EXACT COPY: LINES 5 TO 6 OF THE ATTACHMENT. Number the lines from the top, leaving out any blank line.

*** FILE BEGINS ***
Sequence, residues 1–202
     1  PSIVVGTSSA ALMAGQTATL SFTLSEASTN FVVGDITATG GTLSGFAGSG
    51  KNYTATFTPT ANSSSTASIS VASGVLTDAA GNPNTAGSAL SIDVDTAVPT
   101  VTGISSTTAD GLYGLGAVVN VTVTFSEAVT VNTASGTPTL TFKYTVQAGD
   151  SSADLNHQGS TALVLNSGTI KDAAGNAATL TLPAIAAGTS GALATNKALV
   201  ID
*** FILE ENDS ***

   151  SSADLNHQGS TALVLNSGTI KDAAGNAATL TLPAIAAGTS GALATNKALV
   201  ID